What are the different levels of apprenticeships?
As an employer, it’s likely you’re aware of the different types of apprenticeship programmes available to learners. There are many different apprenticeship levels, each equivalent to either GCSEs, A Levels, or university degrees.
Eligibility and funding requirements apply to all levels and initiatives. Roles and duties of candidates will be evaluated in accordance with the programme to ensure that they can complete the apprenticeship (and that it is at a level appropriate for them).
For each programme, L&F conducts a skills scan. This implies that before we begin the enrollment process, we determine if a candidate engages in enough activity in their employment to successfully complete that programme level.
The service you use and your own choices as an employer will have no bearing on the entrance requirements. For higher level apprenticeships in particular, there may be specified requirements for applicants to be admitted on a course, such as formal degrees.
Different levels of apprenticeships
Levels two through seven, with seven being the highest, make up the various levels of apprenticeship qualifications. They are divided into four categories: Intermediate, Advanced, Higher, and Degree apprenticeships. Here is a list of each level's components.
An intermediate apprenticeship is what?
Apprenticeships at the intermediate level are the first ones. With the help of these programmes, students can begin the process of preparing for their future careers. Intermediate apprenticeship schemes can develop workers' abilities and increase employee retention.
An advanced apprenticeship is what?
Depending on the scheme, advanced apprenticeships may run up to two years. They are the equivalent of two A-level passes, and in some cases, applicants may need to have already earned certain credentials in order to enrol in the programme. Apprenticeships are a stepping stone to higher apprenticeships and can be completed by school or college leavers.
What is a higher apprenticeship?
Depending on the level, higher apprenticeships are the equivalent to the first year of an undergraduate degree or a foundation degree. During these programmes, learners continue their education while expanding their skills and gaining work experience (but without building up student debt).
A degree apprenticeship is what?
The top tier of apprenticeship programmes is a degree programme. Although apprenticeships are equivalent to Bachelor's and Master's degrees, students work towards a fully paid degree. Over the three to six years it takes to finish the apprenticeship, depending on the level of the course, they will earn a salary, develop specialised skill sets, and gain industry experience.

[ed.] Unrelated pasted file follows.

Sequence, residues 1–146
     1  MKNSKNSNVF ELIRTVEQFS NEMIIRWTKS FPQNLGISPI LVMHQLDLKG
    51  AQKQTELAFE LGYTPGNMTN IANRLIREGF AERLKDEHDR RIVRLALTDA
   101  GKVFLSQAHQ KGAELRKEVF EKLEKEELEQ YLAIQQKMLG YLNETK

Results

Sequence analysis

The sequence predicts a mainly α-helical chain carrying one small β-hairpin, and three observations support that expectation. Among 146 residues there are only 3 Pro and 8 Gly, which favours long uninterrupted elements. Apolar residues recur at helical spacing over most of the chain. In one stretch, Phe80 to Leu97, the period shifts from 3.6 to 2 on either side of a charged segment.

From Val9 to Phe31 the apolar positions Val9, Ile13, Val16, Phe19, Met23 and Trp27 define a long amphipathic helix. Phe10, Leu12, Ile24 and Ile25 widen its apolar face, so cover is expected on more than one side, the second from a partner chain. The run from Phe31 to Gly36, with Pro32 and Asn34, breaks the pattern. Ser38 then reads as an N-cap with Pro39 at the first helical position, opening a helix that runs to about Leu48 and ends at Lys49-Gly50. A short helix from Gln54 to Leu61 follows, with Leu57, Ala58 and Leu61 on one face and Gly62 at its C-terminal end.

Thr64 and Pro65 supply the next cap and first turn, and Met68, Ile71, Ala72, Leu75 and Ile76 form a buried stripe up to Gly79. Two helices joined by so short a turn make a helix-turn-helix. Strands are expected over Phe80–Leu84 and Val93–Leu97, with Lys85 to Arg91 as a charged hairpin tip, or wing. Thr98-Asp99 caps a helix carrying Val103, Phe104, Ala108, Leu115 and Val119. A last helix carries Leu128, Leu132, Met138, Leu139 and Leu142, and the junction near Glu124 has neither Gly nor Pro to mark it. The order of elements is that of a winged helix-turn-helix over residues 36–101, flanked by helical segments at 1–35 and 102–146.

Explaining Apprenticeship Levels
The various levels of apprenticeships range from Level 2 to Level 7, all divided among the aforementioned areas. Depending on the course, apprenticeship training can be completed in two to five years.
A Level 2 apprenticeship is what?
An apprenticeship at Level 2 is considered advanced. Level 2 apprenticeships don't have any official admission requirements, and they're also a wonderful beginning point for higher-level apprenticeships. These apprenticeships are typically accepted as being the equivalent to GCSE standards, despite being a whole different sort of study.
A Level 3 apprenticeship is what?
Level 3, the advanced apprenticeship level, is the following step, which is frequently a logical one for students who have passed Level 2. Like all other levels, learners who complete this apprenticeship will receive a recognised credential in addition to a tonne of practical work experience.
Generally speaking, two A-level passes are equivalent, and the employer will determine the admission criteria and levels of industrial experience.
An apprenticeship at Level 4 is what?
The first of the higher apprenticeship levels, Level 4, is equal to the first year of an undergraduate degree. Despite being at a higher level, just like in all other programmes, applicants for apprenticeships must have the appropriate roles and responsibilities.
An apprenticeship at Level 5 is what?
The foundation degree-equivalent Level 5 is the second level of higher apprenticeships. Since it's a higher level, it's common to see employers make some more specific requirements.
Because of the program's level, the majority of applicants might need to demonstrate a certain level of competency before being admitted to the course. In order to determine whether their present role and responsibilities are high enough for them to do the apprenticeship, they will also need to complete a skills scan.
An apprenticeship at Level 6 is what?
The Level 6 degree apprenticeship, which is the first of the degree apprenticeships and is typically offered by universities, is comparable to a bachelor's degree. There may be some unique criteria for a degree apprenticeship, such as GCSEs and Level 3 certificates (such as an advanced apprenticeship, A Levels, BTEC, or NVQ).
However, some training providers or employers might require fewer qualifications if a candidate has prior experience in the field.
An apprenticeship at Level 7 is what?
A master's degree is the equivalent of Level 7. There may be some entry requirements as it is the highest level apprenticeship. They are again specified by the employer or provider, but examples include:
a Level 4 or 5 apprenticeship or a comparable credential
an apprenticeship experience at Level 6 that is pertinent to the apprenticeship
A Level 7 apprenticeship, like all other apprenticeships, can be finished after college, giving graduates who wish to continue their education but may not want to pursue a Master's degree another option. As the most difficult apprenticeship level available, apprentices will face the same academic challenges as they would in a Master's programme while also juggling a job.